Bonjour Royal Friends!
Welcome to my ‘tongue-in-chic’ life, style, and happiness blog from a funny princess point of view!
Today I’d like to talk to you about how people often care more than you think.
In my first semester of law school, I was so happy to acknowledge the birthdays of the students in my new, close circle of friends, bonded together by the relative trauma of first year-fright. I’d bring them a card, or a goodie or a little gift. But when my birthday came and went, and whereas I expected my friends to say something, I got zippo. No one even acknowledged my birthday, even though I dropped hints as big as a helium balloon that my birthday was coming up!
Little did I know that the group was hatching a secret plot. They pretended they forgot about my birthday, and then threw me a big surprise birthday party at school the day after my birthday. I was stunned! Here I was throwing myself a big boo hoo pity party thinking that nobody cared, when in fact they cared a lot. But on the actual day of my birthday, I didn’t realize they cared so much.
Many times, we have it wrong about people. They often care in their own way, but it doesn’t meet our expectations of what caring should look like.
The following is a lovely true story, yet another example of the perils of expectations when it comes to our interpretation of how people feel towards us. This is true whether it has to do with their level of love, appreciation, or gratitude.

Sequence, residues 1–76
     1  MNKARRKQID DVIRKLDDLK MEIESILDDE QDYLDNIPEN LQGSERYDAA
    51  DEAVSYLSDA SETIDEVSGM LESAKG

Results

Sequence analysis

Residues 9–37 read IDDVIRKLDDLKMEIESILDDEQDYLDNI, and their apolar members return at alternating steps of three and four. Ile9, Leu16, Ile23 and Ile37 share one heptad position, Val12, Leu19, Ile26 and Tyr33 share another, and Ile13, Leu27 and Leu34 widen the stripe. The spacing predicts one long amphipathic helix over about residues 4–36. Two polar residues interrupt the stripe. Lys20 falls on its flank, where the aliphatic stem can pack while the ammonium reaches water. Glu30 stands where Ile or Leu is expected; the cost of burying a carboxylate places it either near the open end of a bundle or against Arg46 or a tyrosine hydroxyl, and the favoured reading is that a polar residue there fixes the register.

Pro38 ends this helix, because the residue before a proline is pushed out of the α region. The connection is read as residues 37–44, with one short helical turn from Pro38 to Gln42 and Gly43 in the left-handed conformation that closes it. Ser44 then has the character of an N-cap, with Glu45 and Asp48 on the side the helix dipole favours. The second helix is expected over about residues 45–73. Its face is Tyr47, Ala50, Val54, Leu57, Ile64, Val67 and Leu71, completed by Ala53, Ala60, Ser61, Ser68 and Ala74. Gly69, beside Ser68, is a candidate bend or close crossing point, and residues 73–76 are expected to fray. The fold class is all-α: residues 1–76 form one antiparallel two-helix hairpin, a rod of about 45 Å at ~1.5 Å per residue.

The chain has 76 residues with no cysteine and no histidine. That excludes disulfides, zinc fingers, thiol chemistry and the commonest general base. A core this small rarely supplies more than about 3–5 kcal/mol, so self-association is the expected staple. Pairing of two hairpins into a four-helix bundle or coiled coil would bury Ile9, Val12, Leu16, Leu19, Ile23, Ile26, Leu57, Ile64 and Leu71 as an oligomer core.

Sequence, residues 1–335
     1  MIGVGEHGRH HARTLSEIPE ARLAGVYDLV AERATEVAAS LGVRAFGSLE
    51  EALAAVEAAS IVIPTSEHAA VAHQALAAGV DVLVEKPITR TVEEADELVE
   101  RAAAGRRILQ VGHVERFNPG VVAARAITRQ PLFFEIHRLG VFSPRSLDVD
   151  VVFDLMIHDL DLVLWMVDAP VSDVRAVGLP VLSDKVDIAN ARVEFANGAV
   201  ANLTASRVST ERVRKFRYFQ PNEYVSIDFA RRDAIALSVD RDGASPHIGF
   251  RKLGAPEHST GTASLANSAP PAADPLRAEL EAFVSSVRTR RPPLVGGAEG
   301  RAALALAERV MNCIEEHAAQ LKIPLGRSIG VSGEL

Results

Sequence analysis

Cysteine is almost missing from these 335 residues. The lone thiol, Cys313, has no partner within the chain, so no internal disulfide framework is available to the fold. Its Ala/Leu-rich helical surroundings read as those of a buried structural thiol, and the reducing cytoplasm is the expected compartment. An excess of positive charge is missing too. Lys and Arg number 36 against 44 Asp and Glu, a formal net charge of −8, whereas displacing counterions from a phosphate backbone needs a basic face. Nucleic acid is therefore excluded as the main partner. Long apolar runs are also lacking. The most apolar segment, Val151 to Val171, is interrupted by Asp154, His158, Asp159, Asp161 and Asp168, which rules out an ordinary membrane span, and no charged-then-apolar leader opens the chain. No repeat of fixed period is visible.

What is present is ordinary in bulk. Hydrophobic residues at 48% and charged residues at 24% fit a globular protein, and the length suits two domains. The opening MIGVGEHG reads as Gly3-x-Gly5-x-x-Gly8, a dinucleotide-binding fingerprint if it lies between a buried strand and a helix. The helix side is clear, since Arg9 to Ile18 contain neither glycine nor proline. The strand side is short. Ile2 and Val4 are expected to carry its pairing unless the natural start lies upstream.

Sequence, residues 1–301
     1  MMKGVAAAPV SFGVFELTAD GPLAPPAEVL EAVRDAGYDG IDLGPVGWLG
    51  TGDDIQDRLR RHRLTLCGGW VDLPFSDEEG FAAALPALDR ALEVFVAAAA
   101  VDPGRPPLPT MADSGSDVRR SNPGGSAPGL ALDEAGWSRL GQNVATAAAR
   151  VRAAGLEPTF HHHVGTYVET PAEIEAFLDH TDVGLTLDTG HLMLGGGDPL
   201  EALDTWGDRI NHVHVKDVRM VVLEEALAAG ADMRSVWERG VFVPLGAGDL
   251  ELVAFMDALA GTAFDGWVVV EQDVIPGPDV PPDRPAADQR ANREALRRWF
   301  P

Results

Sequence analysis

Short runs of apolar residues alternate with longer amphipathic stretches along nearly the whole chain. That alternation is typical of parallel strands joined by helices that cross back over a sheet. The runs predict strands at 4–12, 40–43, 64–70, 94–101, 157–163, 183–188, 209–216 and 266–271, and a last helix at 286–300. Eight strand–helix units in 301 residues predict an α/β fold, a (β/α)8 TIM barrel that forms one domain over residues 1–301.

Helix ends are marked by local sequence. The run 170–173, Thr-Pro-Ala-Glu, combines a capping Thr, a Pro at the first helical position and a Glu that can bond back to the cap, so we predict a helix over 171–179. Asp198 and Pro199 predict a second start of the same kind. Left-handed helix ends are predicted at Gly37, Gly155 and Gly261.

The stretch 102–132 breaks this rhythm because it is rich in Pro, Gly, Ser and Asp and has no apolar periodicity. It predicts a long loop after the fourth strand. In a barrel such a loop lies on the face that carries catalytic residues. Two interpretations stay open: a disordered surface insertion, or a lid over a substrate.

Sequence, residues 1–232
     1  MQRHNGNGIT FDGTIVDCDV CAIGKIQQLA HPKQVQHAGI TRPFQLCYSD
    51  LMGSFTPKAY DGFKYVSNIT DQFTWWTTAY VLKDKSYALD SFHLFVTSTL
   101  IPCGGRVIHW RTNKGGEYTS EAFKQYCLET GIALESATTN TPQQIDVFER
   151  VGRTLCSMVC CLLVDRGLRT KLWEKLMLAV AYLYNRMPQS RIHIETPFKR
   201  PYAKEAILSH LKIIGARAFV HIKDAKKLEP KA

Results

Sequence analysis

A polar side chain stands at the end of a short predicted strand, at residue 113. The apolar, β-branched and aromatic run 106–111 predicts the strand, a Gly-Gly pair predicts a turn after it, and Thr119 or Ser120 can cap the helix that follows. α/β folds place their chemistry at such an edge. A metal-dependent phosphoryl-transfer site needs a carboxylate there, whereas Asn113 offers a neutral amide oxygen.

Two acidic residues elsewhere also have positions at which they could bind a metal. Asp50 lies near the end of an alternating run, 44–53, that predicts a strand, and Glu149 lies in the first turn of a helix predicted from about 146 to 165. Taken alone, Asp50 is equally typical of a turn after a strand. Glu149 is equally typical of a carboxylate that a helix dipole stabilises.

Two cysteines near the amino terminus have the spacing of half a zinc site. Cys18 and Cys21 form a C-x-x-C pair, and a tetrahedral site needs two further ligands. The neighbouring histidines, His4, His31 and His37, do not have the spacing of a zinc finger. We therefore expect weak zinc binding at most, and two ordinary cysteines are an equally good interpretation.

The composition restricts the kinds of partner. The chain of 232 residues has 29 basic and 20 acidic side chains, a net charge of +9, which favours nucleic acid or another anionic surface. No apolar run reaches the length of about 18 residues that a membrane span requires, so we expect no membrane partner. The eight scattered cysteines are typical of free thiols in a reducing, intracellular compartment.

My husband Howie and I were on a trip to France. One morning after our mandatory café and croissant, we headed to the subway for our scheduled trip to Monet’s home in Giverny. We waited on the wide platform for the train and when it pulled up, the large, thick automatic doors sucked open with a loud hissing sound and we boarded. A few seconds of detention and the sleek metal doors whooshed and clamped shut with an unnerving ambivalence.
It was extremely crowded. To gain a little elbowroom, we stood side by side near the large, thick, automatic doors, though the sign on the door cautioned us to unspoken dangers. We steadied ourselves on the warm, sweaty poles as the clickity clack movement made the train lunge and stutter. I loved looking out at the countryside as it zipped by, watching the culture unfold before me. At each stop, the doors played the same song. They would hiss and fly open, sustain a few seconds of silence as they let in the new adventurers, a whoosh upon closing, and chomp shut with an angry bang.
Then the long snake of train cars pulled away, link by link, slowly gathering momentum until the cars were no longer separate tubes but one speedball of metal destination in the vortex of a deafening roar.
I busied myself by studying the color-coded subway maps. We traveled about five more minutes until the subway neared the next stop, preparing to devour its next passenger meal. The blurred images in the window became more and more distinct as we slowed down, entering the platform area.